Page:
Visceral Leishmaniasis (VL) is the second most deadly parasitic disease in the world following malaria, and is responsible for an estimated 20,000-40,000 deaths worldwide each year. Its distribution is highly localised, with over 90% of the 200,000-400,000 estimated annual cases occurring in just 6 countries: Bangladesh and India in the Indian sub-continent (ISC); Ethiopia, Sudan and South Sudan in Africa; and Brazil.
Map of global VL distribution (WHO, 2015)
The disease is vector-borne and is caused by chronic infection with protozoan parasites of the Leishmania genus. The parasites are transmitted between humans via the biting of female phlebotomine sandflies. Once inside the body the parasites pass through different stages of their life cycle, reproduce inside macrophages, and migrate to internal organs such as the liver, spleen and bone marrow. Symptoms of the disease include fever, weight loss, anaemia, and substantial swelling of the liver and spleen. If left untreated, the disease is almost always fatal.
Top left: flagellate Leishmania parasite, top right: phlebotomine sandfly, bottom left: swelling of the liver and spleen seen in visceral leishmaniasis, bottom right: life cycle of the Leishmania parasite
Our research focuses on modelling visceral leishmaniasis in the Indian sub-continent, which accounts for the majority of the global burden of the disease. VL in the ISC is caused by Leishmania donovani, and is believed to be anthroponotic (i.e. have no animal reservoir) and spread by a single sandfly species, Phlebotomus argentipes. Consequently, it has been targeted by the WHO for elimination as a public health problem (less than one new case of KA per 10 000 people per year) by 2017. In the rest of the world, VL is zoonotic, limiting the possibility of elimination, and therefore the goal is 100% detection and treatment of all human cases by 2020.
Approximately 80% of VL cases in the ISC occur in the state of Bihar, in north east India, predominantly amongst those who are very poor. Current control strategies are based on sandfly control by indoor residual spraying of insecticide, active case detection and early diagnosis and treatment, but it is not clear whether additional measures are required to achieve elimination.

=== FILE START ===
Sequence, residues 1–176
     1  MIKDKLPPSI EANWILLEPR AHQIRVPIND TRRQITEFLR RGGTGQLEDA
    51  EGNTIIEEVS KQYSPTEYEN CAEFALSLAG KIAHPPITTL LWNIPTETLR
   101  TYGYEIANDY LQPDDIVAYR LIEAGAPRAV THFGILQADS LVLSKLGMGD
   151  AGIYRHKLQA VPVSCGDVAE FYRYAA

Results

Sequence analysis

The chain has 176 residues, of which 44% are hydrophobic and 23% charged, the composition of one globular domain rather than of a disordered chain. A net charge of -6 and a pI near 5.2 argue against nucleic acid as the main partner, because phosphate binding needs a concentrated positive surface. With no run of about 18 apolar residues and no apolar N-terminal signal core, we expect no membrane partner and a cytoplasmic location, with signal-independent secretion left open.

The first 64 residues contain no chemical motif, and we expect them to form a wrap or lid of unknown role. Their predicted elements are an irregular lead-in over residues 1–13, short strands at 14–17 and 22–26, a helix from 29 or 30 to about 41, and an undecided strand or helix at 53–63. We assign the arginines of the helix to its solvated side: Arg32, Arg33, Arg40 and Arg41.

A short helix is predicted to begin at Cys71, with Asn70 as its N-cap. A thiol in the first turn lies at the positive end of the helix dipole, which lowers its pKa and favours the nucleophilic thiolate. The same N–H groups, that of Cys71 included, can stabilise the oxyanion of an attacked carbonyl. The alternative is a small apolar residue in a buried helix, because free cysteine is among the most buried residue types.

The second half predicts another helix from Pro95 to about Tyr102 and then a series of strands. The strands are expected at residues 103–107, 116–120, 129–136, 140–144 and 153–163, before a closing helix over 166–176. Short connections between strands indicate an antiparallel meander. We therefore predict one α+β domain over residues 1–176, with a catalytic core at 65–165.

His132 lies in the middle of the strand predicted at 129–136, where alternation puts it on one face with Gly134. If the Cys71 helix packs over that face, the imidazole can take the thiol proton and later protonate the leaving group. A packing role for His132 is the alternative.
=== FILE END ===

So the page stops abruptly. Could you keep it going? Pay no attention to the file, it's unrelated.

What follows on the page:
The majority of individuals infected with the parasite are asymptomatic, i.e. recover from infection without developing clinical symptoms, but are still infectious to sandflies. Determining the role that these individuals play in transmission of VL is of particular concern to the elimination effort and is a focus of our resarch.
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L.A.C. Chapman, L. Dyson, O. Courtenay, R. Chowdhury, C. Bern, G.F. Medley and T.D. Hollingsworth (2015). Quantification of the natural history of visceral leishmaniasis and consequences for control. Parasites and Vectors, 8:521.
M.M. Cameron, A. Acosta-Serrano, C. Bern, M. Boelaert, M. den Boer, S. Burza, L.A.C. Chapman, A. Chaskopoulou, M. Coleman, O. Courtenay, S. Croft, P. Das, E. Dilger, G. Foster, R. Garlapati, L. Haines, A. Harris, J. Hemingway, T. Déirdre Hollingsworth, S. Jervis, G. Medley, M. Miles, M. Paine, A. Picado, R. Poché, P. Ready, M. Rogers, M. Rowland, S. Sundar, S.J. de Vlas and D. Weetman (2016). Understanding the transmission dynamics of Leishmania donovani to provide robust evidence for interventions to eliminate visceral leishmaniasis in Bihar, India. Parasites and Vectors, 9:25.
K.S. Rock, G. Medley, R. Quinnell, O. Courtenay (2016). Progress in the mathematical modelling of visceral leishmaniasis. Advances in Parasitology, 94:49-131.
G.F. Medley, T.D. Hollingsworth, P.L. Olliaro, E.R. Adams (2015). Health-seeking behaviour, diagnostics and transmission dynamics in the control of visceral leishmaniasis in the Indian subcontinent. Nature Supplement, 528:S102–S108.
K.S. Rock, E.A. le Rutte, S.J. de Vlas, E.R. Adams, G. Medley, and T.D. Hollingsworth (2015). Uniting mathematics and biology for the control of visceral leishmaniasis. Trends in Parasitology, 31 (6):251-259.